The representative of South Africa asked if the Special Rapporteur had been able to think about the impact of the financial crisis on adequate housing. Also, had she considered the role of non-State actors in aiding or restricting the human right to adequate housing? Who in her view was responsible -- the State or the non-State actor -- in this matter? What was her overall approach to this issue?
Ms. ROLNIK said she had presented a full report to the Human Rights Council on the impact of the financial crisis on the right to adequate housing, in which the strong link between the crisis and adequate housing had been clear. That was true not only because the crisis had started in the housing sector. A basic failure in housing policies in the last decades, especially in developed countries, but also in the framework that informed the global financial institutions, had shifted housing from a social policy to a commodity.
There were two dimensions to that crisis that she thought should be discussed. Indeed, most recent and ongoing discussions had focused on the control of financial flows or diluting banks or not, among other things. But a reappraisal of housing and urban policies was needed, and should return to the idea that adequate housing was a human right. Thus, the “de-financerization” of housing was critical.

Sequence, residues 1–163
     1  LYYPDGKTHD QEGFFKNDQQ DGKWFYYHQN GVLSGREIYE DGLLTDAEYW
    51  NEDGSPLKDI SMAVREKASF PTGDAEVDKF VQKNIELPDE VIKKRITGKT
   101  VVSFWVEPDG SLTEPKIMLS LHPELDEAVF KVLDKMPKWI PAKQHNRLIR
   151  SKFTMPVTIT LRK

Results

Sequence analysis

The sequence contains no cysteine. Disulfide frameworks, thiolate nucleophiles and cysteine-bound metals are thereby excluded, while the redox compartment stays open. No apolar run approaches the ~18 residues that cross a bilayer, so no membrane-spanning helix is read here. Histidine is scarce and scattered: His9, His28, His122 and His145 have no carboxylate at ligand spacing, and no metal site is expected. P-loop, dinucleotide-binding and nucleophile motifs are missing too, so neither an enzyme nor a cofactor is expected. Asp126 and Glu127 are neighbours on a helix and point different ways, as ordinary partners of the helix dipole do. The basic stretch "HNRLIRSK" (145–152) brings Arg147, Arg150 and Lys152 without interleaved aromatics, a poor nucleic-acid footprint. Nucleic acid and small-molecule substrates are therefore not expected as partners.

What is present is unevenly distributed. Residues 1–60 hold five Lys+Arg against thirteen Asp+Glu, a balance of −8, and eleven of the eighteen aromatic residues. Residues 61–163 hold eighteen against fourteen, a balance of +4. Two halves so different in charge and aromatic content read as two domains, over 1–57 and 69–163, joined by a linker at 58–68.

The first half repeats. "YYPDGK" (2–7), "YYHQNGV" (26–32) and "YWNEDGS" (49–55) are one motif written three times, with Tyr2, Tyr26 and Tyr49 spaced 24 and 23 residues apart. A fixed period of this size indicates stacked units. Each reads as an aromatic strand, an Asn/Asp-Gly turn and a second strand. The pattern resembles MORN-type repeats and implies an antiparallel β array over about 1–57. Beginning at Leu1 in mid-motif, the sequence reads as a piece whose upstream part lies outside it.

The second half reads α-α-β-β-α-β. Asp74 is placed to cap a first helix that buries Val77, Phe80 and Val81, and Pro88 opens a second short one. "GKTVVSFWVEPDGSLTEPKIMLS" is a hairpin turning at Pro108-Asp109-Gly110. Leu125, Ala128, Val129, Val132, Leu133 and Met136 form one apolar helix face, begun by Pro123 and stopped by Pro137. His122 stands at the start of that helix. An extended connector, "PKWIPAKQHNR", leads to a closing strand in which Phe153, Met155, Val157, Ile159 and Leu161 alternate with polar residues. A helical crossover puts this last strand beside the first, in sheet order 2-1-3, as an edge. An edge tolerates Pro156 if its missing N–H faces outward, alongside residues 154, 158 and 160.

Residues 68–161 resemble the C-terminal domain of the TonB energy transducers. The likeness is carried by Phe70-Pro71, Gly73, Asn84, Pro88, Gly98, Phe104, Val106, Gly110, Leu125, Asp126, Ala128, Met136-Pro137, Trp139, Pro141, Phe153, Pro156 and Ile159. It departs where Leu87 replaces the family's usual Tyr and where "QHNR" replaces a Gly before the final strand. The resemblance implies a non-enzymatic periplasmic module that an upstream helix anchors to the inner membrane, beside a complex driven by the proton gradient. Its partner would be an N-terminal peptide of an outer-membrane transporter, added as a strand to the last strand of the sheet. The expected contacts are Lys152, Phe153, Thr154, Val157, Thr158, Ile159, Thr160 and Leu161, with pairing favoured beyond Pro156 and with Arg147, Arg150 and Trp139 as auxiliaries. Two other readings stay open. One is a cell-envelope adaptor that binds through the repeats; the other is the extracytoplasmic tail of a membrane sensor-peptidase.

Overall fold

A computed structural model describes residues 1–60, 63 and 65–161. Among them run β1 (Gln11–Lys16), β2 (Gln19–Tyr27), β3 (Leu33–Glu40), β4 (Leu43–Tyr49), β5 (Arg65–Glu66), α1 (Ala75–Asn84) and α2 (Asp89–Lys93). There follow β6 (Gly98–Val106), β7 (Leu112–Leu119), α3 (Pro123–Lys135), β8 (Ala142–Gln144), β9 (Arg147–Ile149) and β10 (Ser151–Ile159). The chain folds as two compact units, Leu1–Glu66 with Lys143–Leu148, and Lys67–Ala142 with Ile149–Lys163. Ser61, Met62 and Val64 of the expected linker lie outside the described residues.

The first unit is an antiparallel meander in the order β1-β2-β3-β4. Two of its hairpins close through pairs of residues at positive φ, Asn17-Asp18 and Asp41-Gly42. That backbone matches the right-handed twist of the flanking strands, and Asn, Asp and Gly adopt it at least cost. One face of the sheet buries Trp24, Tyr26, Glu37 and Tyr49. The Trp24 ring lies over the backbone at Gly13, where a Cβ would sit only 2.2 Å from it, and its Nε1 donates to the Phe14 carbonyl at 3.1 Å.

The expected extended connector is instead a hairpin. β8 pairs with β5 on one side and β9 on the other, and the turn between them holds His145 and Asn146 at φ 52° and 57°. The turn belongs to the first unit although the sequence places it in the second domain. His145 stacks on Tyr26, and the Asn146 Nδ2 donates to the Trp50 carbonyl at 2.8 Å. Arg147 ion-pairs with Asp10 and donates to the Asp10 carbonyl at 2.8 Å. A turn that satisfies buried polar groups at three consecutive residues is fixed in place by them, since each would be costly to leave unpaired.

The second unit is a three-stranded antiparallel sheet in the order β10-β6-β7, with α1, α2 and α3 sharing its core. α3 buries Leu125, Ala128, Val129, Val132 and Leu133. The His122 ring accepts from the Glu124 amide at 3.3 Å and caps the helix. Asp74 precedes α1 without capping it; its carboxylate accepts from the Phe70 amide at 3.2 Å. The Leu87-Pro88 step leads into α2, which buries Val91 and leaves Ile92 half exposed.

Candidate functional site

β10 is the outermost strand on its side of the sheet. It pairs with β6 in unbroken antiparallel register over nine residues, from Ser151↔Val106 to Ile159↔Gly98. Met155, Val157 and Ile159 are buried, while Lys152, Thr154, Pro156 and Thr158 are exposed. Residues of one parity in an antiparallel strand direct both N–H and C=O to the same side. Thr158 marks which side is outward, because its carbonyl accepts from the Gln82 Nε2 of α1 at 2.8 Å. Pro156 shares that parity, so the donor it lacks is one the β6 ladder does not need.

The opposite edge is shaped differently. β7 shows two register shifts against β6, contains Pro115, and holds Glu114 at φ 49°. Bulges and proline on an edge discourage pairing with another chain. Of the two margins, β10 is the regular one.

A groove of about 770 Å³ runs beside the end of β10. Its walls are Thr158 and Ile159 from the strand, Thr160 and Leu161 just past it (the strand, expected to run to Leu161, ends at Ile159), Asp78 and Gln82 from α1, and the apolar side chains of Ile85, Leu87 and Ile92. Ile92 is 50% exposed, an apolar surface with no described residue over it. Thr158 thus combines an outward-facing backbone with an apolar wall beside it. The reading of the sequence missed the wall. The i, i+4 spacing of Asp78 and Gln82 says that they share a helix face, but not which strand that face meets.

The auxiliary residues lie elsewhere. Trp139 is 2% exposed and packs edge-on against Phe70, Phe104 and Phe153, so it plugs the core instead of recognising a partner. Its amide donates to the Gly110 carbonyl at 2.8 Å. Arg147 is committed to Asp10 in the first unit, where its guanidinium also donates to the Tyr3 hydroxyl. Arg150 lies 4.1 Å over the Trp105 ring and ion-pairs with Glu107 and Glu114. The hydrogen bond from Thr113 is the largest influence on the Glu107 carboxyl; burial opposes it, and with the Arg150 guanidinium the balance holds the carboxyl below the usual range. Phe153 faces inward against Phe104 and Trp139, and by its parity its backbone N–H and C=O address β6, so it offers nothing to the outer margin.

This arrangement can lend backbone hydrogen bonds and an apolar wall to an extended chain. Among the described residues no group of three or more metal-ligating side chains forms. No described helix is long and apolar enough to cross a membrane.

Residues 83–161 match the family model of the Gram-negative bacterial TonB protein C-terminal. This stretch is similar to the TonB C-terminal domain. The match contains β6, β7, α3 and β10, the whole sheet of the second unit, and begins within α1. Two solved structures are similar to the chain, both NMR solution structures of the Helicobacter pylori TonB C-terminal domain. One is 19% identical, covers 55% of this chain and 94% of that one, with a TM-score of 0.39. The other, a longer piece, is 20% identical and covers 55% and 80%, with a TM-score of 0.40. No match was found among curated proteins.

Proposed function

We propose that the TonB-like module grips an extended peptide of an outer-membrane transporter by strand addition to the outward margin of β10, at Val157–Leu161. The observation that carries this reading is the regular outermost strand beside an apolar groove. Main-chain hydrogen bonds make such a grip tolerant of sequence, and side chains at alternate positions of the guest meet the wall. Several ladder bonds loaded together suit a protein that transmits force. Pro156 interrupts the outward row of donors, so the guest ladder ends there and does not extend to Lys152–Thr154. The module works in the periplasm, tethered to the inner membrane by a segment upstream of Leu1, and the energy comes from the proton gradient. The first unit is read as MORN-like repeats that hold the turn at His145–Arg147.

She agreed that non-State actors had been quite involved in crisis, but the State framework was clear: In the context where the right to adequate housing was violated, the State had the responsibility to act and provide the remedy for those violations. States must take the role they did have -- which was perhaps a regulating role, not an intervening one -- seriously.
South Africa’s delegate, noting the importance the report gave to climate change, said it was equally important to consider the financial crisis. He proposed that the Special Rapporteur consider focusing on the issue in the future.